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Flying home

  • 28th Aug, 2006 at 11:29 PM

Originally uploaded by sfllaw.

Flying out of Germany was a lot more pleasant than flying in.

I spent the morning writing postcards and licking stamps. The stamps in Germany are pretty cool. Deutsche Post has vending machines next to many of their postboxes that will sell them to you. You select the kind you want, put in the right money, and a dot-matrix printer starts squealing away. You then fetch them out of a chute below. I'm sure I got a million diseases by licking them, but sacrifices must be made.

Since it took me hours to write out my mail, the sun had come up by the time I was done. I had a quick shower, packed my belongings, and said goodbye to the hotel. I was much more used to Germany, so I didn't get lost when I took the bus, nor when I took the train. It let me out at the aeroport, where I cleverly remembered where the post box was. Off into the wide world went my postcards.

I checked in for my flight, which involved queuing up for the baggage scanner. They had an X-ray machine in front of the check-in counter, which was hooked up to a digital imaging system. That way, they only had to briefly scan the luggage and could examine the bag in detail without blasting it with radition. Clever! Plus, it was colour-enhanced. The lady operating the machine let me look at her display and I got to see the insides of my suitcase. I then loaded it on to the scale where it was automatically weighed and sent via a clever series of belts to the luggage area. There was even a machine to position it properly for going down the chute.

Originally uploaded by sfllaw.

Inside the aeroport, there are plenty of interesting things. For one, they've kept one of those old electro-mechanical timetables, which makes that characteristic clicky-click noise once heard all over the world. They also had a Goethe bar in the centre of the departures area, which I thought was a wonderful pun.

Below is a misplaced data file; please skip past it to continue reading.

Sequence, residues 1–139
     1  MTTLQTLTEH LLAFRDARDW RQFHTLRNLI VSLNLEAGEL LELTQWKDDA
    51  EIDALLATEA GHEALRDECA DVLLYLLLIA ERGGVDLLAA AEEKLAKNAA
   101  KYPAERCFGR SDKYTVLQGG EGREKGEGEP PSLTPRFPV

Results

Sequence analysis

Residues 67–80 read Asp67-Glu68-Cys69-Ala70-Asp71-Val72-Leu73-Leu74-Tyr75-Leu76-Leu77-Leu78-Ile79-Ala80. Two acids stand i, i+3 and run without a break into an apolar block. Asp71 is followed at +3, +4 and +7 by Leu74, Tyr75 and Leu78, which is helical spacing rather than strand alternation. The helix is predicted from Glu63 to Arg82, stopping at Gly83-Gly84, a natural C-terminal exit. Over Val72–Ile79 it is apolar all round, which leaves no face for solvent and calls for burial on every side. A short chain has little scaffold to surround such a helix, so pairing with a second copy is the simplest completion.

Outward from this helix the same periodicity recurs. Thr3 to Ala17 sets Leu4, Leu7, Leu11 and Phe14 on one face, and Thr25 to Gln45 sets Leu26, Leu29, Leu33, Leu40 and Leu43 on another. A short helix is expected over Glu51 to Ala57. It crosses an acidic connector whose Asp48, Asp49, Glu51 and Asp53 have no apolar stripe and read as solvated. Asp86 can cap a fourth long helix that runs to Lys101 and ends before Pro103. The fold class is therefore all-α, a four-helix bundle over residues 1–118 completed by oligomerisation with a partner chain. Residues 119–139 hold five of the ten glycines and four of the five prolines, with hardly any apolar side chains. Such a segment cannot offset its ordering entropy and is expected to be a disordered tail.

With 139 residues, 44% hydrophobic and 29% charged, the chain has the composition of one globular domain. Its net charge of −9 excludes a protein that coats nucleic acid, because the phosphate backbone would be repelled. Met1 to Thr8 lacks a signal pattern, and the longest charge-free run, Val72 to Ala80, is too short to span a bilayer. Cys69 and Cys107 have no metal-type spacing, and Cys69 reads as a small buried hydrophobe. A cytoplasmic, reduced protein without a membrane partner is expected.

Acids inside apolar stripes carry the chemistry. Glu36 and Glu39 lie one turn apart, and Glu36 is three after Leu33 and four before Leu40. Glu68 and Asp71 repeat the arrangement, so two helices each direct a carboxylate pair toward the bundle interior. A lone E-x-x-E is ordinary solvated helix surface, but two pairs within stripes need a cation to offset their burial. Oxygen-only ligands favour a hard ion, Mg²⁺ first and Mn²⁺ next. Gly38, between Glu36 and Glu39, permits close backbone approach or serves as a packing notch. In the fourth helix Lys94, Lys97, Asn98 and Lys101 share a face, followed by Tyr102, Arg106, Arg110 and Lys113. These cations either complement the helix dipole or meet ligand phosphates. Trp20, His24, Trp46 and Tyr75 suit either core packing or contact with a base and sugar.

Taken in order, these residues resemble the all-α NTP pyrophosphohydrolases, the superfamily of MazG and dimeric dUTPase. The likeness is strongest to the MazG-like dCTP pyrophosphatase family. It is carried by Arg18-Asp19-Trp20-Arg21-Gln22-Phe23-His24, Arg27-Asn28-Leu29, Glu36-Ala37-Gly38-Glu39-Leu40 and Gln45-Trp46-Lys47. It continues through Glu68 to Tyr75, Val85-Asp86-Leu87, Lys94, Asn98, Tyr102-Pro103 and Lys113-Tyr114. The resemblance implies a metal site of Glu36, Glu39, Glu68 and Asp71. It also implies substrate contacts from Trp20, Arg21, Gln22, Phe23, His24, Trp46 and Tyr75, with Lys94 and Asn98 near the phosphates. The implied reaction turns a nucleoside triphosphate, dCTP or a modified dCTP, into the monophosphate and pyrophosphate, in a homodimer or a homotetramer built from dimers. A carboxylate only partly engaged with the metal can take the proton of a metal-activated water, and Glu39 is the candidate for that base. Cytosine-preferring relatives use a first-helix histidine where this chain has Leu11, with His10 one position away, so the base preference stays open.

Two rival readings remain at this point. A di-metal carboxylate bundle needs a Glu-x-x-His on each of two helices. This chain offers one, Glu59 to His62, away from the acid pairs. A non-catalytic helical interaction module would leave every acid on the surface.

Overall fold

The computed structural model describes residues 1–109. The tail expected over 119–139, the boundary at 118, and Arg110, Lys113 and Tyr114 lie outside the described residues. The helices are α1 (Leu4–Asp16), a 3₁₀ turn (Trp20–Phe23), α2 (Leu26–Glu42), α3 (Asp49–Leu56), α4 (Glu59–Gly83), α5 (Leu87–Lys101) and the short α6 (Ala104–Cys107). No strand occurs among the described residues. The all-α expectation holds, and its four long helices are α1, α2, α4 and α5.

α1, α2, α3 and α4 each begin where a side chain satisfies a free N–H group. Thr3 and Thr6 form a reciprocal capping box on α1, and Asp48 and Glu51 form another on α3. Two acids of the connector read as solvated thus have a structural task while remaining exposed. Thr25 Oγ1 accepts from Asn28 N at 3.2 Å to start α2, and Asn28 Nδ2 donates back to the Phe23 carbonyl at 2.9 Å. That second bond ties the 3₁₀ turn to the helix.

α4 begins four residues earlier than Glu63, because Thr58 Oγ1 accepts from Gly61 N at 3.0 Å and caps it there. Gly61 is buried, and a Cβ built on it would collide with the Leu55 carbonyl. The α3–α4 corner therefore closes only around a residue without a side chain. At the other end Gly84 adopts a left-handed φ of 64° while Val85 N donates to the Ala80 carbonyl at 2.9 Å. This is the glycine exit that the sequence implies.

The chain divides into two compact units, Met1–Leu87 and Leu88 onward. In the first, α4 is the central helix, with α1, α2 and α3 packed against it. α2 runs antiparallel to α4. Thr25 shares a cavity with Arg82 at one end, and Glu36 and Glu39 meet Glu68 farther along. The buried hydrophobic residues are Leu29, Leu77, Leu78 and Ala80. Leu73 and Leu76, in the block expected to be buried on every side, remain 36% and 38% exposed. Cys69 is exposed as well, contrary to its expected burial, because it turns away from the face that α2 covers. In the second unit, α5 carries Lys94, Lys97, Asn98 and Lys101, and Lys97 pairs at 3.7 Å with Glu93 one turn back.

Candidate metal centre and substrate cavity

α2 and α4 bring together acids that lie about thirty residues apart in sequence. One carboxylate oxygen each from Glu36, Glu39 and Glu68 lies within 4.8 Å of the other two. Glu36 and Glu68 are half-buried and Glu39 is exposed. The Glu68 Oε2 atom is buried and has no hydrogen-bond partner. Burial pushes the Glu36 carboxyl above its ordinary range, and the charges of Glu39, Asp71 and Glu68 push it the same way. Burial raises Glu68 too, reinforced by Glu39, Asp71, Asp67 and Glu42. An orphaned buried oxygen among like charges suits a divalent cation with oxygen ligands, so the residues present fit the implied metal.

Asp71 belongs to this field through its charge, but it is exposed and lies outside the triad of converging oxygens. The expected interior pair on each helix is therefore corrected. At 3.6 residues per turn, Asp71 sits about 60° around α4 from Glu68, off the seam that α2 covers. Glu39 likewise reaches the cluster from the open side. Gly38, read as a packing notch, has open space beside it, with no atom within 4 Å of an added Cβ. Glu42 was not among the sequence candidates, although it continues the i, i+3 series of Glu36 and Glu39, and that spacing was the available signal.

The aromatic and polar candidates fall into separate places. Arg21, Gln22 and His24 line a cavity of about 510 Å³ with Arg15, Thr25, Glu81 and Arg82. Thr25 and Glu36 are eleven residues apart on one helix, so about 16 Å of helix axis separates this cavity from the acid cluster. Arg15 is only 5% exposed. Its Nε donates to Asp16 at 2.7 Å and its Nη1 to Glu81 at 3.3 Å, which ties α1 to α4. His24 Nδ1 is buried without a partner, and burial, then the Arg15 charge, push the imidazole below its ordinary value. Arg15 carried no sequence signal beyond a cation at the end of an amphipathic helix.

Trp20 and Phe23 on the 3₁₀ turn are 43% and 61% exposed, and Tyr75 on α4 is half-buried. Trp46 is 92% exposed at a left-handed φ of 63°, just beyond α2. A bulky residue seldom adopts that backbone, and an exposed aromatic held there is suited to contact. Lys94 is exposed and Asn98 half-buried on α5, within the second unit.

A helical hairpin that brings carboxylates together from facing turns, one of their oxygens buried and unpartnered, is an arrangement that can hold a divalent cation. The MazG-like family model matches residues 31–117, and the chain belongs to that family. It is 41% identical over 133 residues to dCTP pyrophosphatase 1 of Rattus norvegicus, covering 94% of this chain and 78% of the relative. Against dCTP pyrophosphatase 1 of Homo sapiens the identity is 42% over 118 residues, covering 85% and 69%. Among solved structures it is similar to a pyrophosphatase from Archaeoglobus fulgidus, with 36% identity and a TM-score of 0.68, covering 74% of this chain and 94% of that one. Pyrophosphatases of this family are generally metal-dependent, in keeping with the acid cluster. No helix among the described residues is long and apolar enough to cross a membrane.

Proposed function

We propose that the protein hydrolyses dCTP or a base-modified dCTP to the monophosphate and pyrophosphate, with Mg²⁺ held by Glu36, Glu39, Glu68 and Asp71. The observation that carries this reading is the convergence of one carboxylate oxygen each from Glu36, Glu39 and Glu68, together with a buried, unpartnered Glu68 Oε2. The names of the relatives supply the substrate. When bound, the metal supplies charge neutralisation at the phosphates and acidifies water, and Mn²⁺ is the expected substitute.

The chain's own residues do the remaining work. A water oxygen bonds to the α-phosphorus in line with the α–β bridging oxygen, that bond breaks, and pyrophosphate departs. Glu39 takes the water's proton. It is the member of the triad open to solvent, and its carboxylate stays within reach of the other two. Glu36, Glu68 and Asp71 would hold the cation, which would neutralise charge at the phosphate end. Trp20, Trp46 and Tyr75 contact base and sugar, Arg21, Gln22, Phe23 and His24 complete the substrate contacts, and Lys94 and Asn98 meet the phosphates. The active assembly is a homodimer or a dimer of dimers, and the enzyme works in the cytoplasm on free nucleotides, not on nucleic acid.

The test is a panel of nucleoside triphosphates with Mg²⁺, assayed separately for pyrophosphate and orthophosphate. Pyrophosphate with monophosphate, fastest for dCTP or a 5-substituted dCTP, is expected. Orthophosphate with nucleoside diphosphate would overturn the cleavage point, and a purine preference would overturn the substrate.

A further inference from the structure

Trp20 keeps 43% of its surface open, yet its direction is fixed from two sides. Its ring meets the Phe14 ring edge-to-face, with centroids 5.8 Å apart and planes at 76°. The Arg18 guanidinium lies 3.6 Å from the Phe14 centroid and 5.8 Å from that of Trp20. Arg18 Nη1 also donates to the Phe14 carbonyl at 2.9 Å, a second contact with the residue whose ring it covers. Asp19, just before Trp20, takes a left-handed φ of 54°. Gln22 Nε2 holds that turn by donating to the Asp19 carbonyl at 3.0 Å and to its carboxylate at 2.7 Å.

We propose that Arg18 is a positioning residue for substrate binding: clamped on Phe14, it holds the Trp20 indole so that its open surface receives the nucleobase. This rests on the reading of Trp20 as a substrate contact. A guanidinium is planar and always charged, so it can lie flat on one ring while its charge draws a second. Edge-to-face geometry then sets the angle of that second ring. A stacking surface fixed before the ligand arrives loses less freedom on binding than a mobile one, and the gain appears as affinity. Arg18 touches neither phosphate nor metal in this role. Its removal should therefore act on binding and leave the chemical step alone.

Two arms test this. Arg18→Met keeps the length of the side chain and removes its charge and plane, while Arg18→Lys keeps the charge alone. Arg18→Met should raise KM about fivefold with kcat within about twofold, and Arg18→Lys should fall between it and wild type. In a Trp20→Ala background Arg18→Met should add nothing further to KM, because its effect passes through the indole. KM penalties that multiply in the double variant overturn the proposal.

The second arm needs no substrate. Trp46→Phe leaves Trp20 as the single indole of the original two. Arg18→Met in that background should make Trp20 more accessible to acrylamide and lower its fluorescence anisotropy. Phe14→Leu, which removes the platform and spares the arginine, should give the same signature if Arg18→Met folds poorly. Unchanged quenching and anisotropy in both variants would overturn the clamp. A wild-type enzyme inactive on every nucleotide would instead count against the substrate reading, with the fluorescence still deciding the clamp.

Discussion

I took some photographs in the boarding area, but we were soon on the tarmac. We walked up to the back of the plane and filed inside. There, I found my seat next to Milley, a girl from Montréal who is now working in Toulouse. We had an excellent conversation before I passed out from exhaustion.

She kept on waking me up for meals, which was both nice but tiring. By the time I got back to Montréal, I was so exhausted that I was slightly delirious. I helped a nice couple from Frankfurt get into the Métro, they were visiting for three days, and got on the bus home.

My bed never felt so comfortable.


( 9 comments — Leave a comment )
30th Aug, 2006 06:25 (UTC)
Hey Simon
Hey Simon,

It's Gab from Yulbiz dropping in to say hi. This was funny, by the way: "I'm sure I got a million diseases by licking them, but sacrifices must be made."

Good to have you back from Europe!

30th Aug, 2006 12:55 (UTC)
Re: Hey Simon
Hey! It was great meeting you.

Hope to see you soon.
30th Aug, 2006 10:37 (UTC)
Do you remember the ones in CDG, Paris that had the same clickety-clacky timetables that change almost every 5 minutes and are so huge? Those are classic, and stylish as well. No wonder they don't replace it with LEDs.
30th Aug, 2006 18:25 (UTC)
Yes! Except the ones in Frankfurt were in poor repair. Various letters would stick, or fail to stick.
17th Sep, 2006 12:29 (UTC)
More Montrealer in Toulouse?
17th Sep, 2006 16:20 (UTC)
Yes. But she doesn't like it there. She's going to move to Ireland one day.
18th Sep, 2006 08:06 (UTC)
Did she mention anything in particular?
18th Sep, 2006 14:30 (UTC)
I don't think so. It's just that France wasn't for her.
18th Sep, 2006 14:34 (UTC)
Definitely isn't for everyone, that's for sure.
( 9 comments — Leave a comment )